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(1) A type of combat in the 18th through early 20th centuries involving the laying of underground mines during the siege and defense of cities, fortresses, and other fortified points.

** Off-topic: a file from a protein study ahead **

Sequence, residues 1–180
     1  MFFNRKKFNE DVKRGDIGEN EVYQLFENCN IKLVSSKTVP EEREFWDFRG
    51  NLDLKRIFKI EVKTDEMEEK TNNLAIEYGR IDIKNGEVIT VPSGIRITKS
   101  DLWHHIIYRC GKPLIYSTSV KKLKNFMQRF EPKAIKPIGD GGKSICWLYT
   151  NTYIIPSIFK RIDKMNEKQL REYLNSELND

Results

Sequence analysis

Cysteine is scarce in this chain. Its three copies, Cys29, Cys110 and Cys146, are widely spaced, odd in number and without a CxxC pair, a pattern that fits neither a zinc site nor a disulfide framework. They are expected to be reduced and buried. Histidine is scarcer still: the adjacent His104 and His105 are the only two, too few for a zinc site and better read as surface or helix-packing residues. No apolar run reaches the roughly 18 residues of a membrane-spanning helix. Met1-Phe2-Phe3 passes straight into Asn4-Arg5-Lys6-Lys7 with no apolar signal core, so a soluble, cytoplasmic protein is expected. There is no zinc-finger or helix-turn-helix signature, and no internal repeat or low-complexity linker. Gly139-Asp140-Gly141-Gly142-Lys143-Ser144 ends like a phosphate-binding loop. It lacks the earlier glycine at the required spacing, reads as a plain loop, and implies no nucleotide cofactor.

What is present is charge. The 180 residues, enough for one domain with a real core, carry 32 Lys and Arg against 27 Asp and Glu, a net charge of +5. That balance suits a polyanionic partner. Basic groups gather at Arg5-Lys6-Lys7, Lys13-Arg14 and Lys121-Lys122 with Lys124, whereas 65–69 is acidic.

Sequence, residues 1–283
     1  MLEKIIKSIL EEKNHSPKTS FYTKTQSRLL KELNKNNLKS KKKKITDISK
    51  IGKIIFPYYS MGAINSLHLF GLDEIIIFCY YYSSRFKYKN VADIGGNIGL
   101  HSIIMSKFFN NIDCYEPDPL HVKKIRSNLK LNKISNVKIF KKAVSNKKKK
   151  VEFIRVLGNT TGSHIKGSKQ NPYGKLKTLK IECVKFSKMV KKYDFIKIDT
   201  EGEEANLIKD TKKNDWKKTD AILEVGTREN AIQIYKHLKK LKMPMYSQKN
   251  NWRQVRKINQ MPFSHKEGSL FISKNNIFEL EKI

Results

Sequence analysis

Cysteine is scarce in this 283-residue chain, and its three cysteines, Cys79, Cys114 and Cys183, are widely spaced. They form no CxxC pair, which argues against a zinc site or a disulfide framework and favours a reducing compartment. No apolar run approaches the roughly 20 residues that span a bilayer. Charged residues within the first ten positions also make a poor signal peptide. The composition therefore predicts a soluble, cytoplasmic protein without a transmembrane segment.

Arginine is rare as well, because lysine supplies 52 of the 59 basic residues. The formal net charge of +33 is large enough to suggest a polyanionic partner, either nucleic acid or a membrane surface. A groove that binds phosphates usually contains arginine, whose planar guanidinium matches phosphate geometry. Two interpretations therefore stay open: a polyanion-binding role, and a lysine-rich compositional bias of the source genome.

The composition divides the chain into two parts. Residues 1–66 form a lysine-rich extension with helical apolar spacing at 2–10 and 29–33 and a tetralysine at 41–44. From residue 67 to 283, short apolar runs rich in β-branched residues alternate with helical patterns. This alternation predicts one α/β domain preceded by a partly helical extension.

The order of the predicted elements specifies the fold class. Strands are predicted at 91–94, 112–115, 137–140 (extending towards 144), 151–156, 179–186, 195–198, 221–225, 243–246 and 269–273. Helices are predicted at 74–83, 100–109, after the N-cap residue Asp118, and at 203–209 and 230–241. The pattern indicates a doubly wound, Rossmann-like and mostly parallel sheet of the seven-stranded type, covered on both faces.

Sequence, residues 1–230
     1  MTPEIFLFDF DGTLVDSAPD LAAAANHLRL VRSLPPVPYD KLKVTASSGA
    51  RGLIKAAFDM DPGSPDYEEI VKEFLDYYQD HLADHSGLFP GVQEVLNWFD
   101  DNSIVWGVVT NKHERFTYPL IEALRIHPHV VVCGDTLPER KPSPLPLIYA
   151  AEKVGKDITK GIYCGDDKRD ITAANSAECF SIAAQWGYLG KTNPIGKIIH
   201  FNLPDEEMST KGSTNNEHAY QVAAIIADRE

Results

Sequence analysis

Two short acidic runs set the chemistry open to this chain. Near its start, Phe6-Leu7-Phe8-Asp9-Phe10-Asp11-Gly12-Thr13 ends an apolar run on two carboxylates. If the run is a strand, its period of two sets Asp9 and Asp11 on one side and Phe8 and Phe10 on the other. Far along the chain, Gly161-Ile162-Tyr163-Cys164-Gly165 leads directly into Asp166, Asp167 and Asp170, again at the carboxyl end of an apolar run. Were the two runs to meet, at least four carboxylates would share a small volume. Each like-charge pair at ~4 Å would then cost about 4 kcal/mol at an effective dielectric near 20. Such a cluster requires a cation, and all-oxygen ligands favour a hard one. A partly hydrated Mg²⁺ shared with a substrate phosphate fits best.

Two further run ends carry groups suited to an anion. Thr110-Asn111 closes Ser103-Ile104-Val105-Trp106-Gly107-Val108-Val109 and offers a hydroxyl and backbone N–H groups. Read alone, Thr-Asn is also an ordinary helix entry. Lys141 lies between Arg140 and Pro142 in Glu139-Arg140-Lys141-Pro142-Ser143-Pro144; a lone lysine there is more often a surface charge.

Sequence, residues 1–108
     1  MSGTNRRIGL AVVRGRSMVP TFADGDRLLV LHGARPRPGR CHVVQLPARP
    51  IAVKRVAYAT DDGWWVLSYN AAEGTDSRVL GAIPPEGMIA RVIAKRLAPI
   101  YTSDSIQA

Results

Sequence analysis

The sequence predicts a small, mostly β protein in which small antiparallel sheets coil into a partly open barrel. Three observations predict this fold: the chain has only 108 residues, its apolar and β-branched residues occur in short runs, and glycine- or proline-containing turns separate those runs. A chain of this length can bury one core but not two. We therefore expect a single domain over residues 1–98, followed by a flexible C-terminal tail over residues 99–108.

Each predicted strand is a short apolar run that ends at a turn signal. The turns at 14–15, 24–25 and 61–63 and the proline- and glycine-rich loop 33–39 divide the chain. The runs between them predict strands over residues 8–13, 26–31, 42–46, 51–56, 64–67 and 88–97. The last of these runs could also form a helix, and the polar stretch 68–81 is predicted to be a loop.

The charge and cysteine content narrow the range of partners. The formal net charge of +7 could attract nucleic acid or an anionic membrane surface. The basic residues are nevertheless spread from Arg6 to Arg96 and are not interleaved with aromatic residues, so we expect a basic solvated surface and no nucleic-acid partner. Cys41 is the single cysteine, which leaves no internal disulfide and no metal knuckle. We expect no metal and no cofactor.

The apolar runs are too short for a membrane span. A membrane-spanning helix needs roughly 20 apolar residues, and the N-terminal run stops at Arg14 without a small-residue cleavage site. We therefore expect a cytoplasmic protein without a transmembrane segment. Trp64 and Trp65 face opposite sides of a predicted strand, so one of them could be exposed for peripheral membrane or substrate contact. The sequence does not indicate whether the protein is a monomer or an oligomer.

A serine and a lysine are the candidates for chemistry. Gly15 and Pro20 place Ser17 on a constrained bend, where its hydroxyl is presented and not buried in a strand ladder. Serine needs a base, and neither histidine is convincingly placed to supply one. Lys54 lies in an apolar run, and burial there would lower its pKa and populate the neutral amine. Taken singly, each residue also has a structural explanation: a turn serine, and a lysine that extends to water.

(2) A conventional term covering combat on the sea involving the widespread use of mines. In international law the use of mines (automatic underwater naval mines) was defined by the Eighth Hague Convention of 1907 on the placing of underwater automatic exploding contact mines, which was signed by representatives of 44 states. The convention prohibits the laying of mines that explode automatically on contact and that are not anchored, as well as anchored mines that remain live if torn from the anchors; it also prohibits the laying of drifting mines that remain live if they miss a target. The convention also sets forth rules for the use of mines by neutral states (for self-defense) and procedures by which belligerents declare certain regions dangerous for navigation. The USSR acceded to the Hague Convention in 1942 and observes it faithfully. The imperialist states have crudely violated the terms of the Hague Convention in World War I (1914–18), World War II (1939–45), and other wars.